The birth and growth of New York's legendary street -- Wall Street -- is charted in economist Howard Wachtel's book, Street of Dreams -- Boulevard of Broken Hearts. The author says war and scandal have shaped Wall Street into a global symbol of wealth and power.

Wall Street's 220-year history is punctuated by booms and busts, fueled by a relentless pursuit of fortune. Mr. Wachtel says that since Wall Street began in the late 18th century, the actors have changed, but the plot has stayed the same. A few insiders make money, and the masses -- infatuated by the hope of striking it rich -- provide much of the money for the investment but are too late to profit from it. It all began, the author says, with debt notes at the end of the American Revolution.

"Alexander Hamilton, the first secretary of the U.S. Treasury, needed to dissolve, resolve and get rid of about a $60 million Revolutionary War debt," says Mr. Wachtel. "And therefore, what he did was he created a scheme by which he took over the states' debts, but did it in such a way that individual brokers on Wall Street who dealt in furs and in slaves had also speculated in this paper [debt notes] for which they roamed around the country buying up this bad debt at basically 25-cents on the dollar. And then Hamilton paid them 100 percent on the dollar so they made a huge profit and that's the origins of Wall Street."

Mr. Wachtel, who is an economics professor at the American University in Washington, D.C., says these brokers were the first real insider traders, those who base investment trades on information they obtained privately.

"Now though there isn't a smoking gun and direct evidence, there's a lot of indirect evidence that these people had inside information. Hamilton was their neighbor and friend, and he probably talked to them and chatted with them about his ideas," he says. "And you begin to see around 1789-1790 massive buying of these pieces of paper by some of the very names on Wall Street who got involved in this scandal. Well, when that profit-making venture broke and speculation took over, the people who came in on the backside of all that lost a lot of money."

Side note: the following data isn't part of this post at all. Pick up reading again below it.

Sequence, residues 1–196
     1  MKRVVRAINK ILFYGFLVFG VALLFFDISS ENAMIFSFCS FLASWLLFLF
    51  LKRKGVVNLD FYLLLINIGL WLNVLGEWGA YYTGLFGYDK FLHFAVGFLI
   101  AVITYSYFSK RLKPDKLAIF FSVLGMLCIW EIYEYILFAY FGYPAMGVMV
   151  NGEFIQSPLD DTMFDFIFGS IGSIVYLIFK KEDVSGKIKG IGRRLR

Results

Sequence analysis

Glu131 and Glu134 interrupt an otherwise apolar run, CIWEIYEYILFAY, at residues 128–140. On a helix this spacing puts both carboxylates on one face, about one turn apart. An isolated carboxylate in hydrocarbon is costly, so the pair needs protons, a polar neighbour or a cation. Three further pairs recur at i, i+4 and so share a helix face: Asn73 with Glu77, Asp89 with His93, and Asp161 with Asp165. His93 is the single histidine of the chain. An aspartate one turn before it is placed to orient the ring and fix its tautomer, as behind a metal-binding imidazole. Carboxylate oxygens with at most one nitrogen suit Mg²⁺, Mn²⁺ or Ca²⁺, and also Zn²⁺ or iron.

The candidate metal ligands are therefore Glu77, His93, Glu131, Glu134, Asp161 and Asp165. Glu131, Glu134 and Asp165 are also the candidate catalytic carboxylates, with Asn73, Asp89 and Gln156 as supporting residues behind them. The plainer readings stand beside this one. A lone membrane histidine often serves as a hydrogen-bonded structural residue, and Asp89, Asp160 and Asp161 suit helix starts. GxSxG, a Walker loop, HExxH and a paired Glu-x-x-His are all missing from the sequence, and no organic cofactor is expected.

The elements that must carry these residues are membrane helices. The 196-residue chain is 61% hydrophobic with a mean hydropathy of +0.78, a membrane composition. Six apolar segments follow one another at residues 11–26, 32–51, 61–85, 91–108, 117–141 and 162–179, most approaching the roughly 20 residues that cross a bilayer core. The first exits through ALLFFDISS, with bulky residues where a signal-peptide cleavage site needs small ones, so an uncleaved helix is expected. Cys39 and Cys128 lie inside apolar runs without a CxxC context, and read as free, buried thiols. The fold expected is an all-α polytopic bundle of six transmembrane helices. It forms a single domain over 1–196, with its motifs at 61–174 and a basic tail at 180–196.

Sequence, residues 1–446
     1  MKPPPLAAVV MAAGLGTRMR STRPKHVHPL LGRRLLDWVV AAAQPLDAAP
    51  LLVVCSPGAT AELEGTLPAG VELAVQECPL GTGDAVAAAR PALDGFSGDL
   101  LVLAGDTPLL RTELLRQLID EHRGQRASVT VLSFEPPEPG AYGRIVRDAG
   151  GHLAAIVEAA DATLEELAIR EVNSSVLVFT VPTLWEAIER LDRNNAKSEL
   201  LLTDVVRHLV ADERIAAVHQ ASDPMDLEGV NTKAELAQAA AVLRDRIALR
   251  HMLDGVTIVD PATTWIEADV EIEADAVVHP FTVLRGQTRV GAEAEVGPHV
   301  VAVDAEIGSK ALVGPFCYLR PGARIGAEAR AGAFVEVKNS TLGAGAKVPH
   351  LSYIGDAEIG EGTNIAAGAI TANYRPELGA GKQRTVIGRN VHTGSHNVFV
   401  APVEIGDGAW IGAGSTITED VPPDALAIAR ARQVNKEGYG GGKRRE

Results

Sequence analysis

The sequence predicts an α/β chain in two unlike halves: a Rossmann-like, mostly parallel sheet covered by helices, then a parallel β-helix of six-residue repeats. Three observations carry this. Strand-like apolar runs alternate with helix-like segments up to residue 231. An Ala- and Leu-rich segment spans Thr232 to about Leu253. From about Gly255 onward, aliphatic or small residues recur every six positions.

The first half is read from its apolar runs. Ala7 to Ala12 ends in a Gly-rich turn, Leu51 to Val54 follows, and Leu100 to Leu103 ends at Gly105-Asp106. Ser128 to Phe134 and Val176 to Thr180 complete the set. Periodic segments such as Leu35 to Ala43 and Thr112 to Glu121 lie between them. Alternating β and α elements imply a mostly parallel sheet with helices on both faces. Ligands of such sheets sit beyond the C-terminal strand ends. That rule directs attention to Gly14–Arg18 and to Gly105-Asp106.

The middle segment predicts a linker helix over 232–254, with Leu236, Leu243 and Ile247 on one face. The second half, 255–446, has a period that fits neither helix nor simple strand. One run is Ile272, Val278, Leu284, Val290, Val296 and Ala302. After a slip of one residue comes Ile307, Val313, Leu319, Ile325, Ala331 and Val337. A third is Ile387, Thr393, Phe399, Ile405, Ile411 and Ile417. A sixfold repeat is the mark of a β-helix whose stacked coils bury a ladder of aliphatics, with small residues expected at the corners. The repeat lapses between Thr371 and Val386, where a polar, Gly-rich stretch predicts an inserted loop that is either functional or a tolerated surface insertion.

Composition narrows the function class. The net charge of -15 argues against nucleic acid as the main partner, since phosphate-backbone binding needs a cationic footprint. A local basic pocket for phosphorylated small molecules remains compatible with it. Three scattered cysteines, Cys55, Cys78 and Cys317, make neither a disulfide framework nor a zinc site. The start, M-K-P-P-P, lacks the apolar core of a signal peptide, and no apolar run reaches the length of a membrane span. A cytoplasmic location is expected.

Mr. Wachtel says this scenario invariably provoked cries for tighter federal laws governing Wall Street from another famous street -- Pennsylvania Avenue in Washington, D.C. -- the seat of the U.S. government. But he says that each time a scandal occurs, Wall Street manages to convince the markets and the politicians that it can monitor itself.

"A group of 24 individuals got together in 1790 and created the first legal instrument for the governance of Wall Street and brokering. They did so because the State Legislature of New York was considering abolishing and banning all buying and selling of financial paper," says Mr. Wachtel. "To head that off, they got together and formed what was called the Buttonwood Agreement. There's a mythology that they met under a Buttonwood Tree on Wall Street. And they constructed this agreement in which [they] argued that they would become a self-regulating, private organization and they would warrant the fidelity and trust and confidence of their dealings with the outside world."

This lasted until 1934 when the first modest regulation of Wall Street occurred under the federal Securities and Exchange Act. Mr. Wachtel says that even today, Wall Street insists that it is responsible enough to govern itself. For example, until huge recent scandals involving corporate giants like Enron, WorldComm and Tyco emerged, the corporate accounting industry argued that it could police itself better than the U.S. government.

Mr. Wachtel believes this cycle of infatuation with and betrayal by Wall Street is part of an ongoing cycle, and that there's little to stop it. "This argument of Wall Street being the private, self-regulated entity fighting with Pennsylvania Avenue, the other great street in this drama, which represents the public governors of the country, is one that continues," he says. "And the third great street in the story is Main Street, individual citizens, who usually get seduced into the Wall Street schemes and plots and drama, but typically do so in a way in which they're always at the bottom end of the food chain."

Mr. Wachtel argues in his book that a more independent, aggressive federal body is needed to protect individual investors from the cagey, self-perpetuating ways of Wall Street.